Sunday, February 20, 2011

Rank order of antipsychotics for producing weight gain

A review in the Archives of General Psychiatry looks at the evidence for weight gain and changes in other cardiovascular risk factors caused by antipsychotic treatment. It has produced a rank order of the different drugs with olanzapine noted to cause more weight gain than all other second-generation antipsychotics except clozapine. Clozapine causes more weight gain than risperidone, risperidone more than amisulpride, and sertindole more than risperidone. The average weight gain after 6 to 8 weeks taking olanzapine was found to be 5 to 6 kg, which was significantly higher than the average weight gained while taking risperidone (4 kg) or haloperidol (3 kg).

Monday, February 07, 2011

Antipsychotic medication does seem to reduce brain volume

I have mentioned a study in a previous blog entry that seemed to show that antipsychotic medication reduces brain volume. This study was referred to in an interview with Nancy Andreasen. The point I was making in the previous entry was that the research had been "sat on" for fear it may lead to people stopping their medication.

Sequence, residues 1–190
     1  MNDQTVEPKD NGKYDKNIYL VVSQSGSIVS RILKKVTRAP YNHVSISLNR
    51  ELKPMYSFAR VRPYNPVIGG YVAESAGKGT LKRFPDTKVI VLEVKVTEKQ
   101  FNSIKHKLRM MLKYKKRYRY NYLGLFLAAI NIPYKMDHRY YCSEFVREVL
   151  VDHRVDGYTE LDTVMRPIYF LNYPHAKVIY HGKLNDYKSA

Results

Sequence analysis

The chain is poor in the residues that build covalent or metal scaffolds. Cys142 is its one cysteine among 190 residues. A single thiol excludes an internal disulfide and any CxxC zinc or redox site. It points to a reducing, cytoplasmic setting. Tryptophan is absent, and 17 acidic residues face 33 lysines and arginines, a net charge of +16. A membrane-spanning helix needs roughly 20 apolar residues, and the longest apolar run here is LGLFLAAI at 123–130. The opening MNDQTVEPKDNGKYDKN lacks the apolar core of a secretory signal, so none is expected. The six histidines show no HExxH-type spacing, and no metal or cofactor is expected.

The study has now been published in the Archives of General Psychiatry. The authors mention, as I did in my previous blog entry, that an association does not necessarily mean a causal connection. However, the evidence is quite strong considering that illness severity and substance misuse had minimal or no effects and data from animal studies also suggests brain tissue loss.

Of course we have known for some time from clinical evidence that antipsychotics cause brain damage in that tardive dyskinesia is not necessarily reversible when antipsychotic medication is discontinued. This is reflected in the finding of a specific increase in size in the putamen in the present study. We don't know that brain changes are necessarily "bad" for patients, but, as the study itself concludes, we have to entertain the possibility that antipsychotics may have potentially undesirable effects of brain tissue volume reduction.